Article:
Return to your wide stance. Turn your right foot out and your left foot in until your pelvis squares toward the front foot. On an exhalation, slide the left hand down your back leg as you curl your torso into a backbend. Rest your left hand on your hamstring as you continue to bend back, extending the right arm alongside your ear. After 5 breaths, inhale and bring your torso upright. Exhale as you switch sides.

5. Natarajasana (Lord of the Dance Pose), variation

From your wide stance, walk or jump your feet together and stand in Tadasana. Bend your left knee, bringing the heel in toward your left buttock. Take hold of the inside of your foot with your left hand and raise your right arm up alongside your ear. Square your hips toward the front of your mat, and on an exhalation, tip your torso slightly forward as you stretch the left leg back and up. Stay here for 5 breaths before releasing the left leg. Do both sides.

6. Pigeon Pose

Come into Downward-Facing Dog. Bring the right knee forward between your hands, rotate it out to the side, and place the outer leg on the floor. Lower the left leg to the ground. Square your hips toward the front of your mat, and on an inhalation, isometrically draw the knees toward each other. You'll feel your muscles engage. On an exhalation, fold forward and rest your forehead on the floor. After 5 deep breaths, inhale to come up and move through Downward Dog to the other side.

7. Eka Pada Rajakapotasana (One-Legged King Pigeon Pose), variation

Come back to Pigeon Pose, with the right leg forward. Bend the left knee, and take hold of the foot with your left hand, keeping the right hand on the floor or on your front thigh for leverage. If possible, spin your hand over the top of the foot so the fingers face forward. Lift the left side of your chest as you bend the left elbow to bring the foot in toward the outer left hip. If you can balance, rest your right hand on your right thigh. Stay for 5 breaths. Step back into Downward-Facing Dog before doing the second side.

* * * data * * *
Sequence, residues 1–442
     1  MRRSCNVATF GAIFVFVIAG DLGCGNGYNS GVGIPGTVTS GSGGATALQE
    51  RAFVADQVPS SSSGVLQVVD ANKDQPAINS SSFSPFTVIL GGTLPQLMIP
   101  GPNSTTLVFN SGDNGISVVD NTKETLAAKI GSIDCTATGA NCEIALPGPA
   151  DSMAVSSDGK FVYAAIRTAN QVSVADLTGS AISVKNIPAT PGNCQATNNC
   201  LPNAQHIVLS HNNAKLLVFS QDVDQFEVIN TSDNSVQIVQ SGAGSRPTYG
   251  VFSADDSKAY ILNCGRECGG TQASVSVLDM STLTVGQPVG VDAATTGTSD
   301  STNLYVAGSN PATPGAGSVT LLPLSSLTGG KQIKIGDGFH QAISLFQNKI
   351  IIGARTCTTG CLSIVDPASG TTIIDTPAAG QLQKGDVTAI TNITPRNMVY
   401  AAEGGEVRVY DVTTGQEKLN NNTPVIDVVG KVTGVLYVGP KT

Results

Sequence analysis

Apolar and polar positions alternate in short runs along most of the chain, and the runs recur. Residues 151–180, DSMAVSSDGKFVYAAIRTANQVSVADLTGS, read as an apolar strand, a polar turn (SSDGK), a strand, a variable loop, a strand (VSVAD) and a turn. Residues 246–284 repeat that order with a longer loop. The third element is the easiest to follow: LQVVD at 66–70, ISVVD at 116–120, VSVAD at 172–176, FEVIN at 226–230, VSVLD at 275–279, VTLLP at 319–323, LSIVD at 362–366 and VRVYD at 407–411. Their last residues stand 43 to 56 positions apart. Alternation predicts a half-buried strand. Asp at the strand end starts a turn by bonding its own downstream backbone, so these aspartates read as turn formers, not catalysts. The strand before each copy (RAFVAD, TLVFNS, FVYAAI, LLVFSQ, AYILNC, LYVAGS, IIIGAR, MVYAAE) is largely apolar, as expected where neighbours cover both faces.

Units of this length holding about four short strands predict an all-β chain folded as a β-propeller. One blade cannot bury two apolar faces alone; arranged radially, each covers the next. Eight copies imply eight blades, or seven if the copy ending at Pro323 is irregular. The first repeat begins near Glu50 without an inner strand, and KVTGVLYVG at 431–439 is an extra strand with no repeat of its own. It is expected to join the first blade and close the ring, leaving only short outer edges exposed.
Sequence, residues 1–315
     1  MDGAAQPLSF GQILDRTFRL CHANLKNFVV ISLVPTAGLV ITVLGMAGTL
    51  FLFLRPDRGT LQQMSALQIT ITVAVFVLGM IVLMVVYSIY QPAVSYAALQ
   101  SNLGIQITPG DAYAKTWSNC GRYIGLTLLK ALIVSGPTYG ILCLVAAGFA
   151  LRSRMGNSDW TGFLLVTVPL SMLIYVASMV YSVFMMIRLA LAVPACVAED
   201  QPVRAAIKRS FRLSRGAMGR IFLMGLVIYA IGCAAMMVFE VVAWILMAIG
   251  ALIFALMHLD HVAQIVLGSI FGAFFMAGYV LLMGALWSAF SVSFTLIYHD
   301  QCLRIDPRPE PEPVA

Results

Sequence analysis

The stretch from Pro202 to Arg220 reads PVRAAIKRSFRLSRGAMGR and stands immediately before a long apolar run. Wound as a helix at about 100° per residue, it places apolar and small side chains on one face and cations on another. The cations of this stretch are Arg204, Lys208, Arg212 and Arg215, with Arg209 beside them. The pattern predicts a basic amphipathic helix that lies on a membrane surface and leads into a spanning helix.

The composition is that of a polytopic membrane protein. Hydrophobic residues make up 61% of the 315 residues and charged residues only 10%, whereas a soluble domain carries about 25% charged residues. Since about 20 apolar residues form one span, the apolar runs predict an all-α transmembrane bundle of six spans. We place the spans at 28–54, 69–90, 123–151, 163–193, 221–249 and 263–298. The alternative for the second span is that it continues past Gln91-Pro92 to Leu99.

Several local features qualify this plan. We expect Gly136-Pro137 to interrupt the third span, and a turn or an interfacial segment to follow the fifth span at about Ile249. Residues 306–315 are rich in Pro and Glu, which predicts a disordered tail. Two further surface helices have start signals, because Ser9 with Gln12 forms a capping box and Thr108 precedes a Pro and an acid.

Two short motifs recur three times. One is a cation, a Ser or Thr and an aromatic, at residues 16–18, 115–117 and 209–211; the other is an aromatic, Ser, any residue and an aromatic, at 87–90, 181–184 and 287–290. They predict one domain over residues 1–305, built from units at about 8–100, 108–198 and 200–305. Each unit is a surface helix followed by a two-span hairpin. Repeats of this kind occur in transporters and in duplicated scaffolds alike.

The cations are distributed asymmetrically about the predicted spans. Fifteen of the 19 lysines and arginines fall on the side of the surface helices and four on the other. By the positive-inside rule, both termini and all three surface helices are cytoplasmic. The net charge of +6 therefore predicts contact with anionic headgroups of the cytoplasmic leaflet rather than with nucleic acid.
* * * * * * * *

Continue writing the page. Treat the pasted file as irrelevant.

8. Dhanurasana (Bow Pose)

Lie on your stomach. Bend both knees, flex your feet, and hold on to your outer ankles. Keeping the thighbones parallel to each other, press the ankles back and root your tailbone toward the floor. On a deep inhalation, lift your head, torso, and legs to come into Dhanurasana for 5 breaths.

9. Eka Hasta Ustrasana (One-Handed Camel Pose)

Kneel with your hands on your hips and lift through your chest. On an exhalation, curl into your upper back as you simultaneously lift your right arm alongside your ear and take your left hand to your left heel. Reach back as far as you comfortably can. Stay for 5 breaths. On an inhalation, bring your torso back to upright. Sit on your heels, then repeat this side before moving on to the second side.

After You Finish
Bow: Sit in Vajrasana (Thunderbolt Pose) and bathe in your inner light. Take Balasana (Child's Pose) and make an offering from your heart.
Recline: Do Supta Padangusthasana (Reclining Hand-to-Big-Toe Pose) on both legs.
Rest: Take Savasana (Corpse Pose), with hands over your heart for the first few breaths.

March 2009

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Reader Comments


Chris Andre Rocks!!!


Scully was here!!!

April Cray Rhodes

Play IS so important. When we play with our poses, routines and moves......they stick in our cells with happy memories.